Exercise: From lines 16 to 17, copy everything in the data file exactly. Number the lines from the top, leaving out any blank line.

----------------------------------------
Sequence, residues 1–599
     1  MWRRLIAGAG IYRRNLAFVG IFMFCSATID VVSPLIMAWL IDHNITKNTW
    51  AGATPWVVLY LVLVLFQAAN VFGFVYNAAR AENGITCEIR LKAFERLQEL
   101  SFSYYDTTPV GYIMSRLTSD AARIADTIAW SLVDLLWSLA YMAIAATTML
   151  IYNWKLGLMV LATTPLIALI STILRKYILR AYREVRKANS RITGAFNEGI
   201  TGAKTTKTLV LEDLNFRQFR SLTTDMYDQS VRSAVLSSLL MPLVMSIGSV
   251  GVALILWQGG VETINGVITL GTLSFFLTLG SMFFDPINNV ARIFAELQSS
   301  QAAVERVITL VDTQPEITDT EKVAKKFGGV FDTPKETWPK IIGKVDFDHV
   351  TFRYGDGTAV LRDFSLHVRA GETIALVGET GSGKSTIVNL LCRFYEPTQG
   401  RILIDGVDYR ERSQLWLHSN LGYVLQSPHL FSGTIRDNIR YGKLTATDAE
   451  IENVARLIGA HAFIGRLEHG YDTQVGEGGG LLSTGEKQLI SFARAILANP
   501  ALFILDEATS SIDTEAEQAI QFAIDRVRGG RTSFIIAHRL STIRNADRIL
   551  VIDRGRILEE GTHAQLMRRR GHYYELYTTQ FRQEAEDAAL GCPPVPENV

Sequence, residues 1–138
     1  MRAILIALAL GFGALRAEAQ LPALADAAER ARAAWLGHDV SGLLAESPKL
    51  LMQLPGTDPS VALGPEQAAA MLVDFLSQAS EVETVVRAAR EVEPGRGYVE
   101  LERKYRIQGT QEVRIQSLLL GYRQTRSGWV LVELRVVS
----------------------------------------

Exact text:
    51  LMQLPGTDPS VALGPEQAAA MLVDFLSQAS EVETVVRAAR EVEPGRGYVE
   101  LERKYRIQGT QEVRIQSLLL GYRQTRSGWV LVELRVVS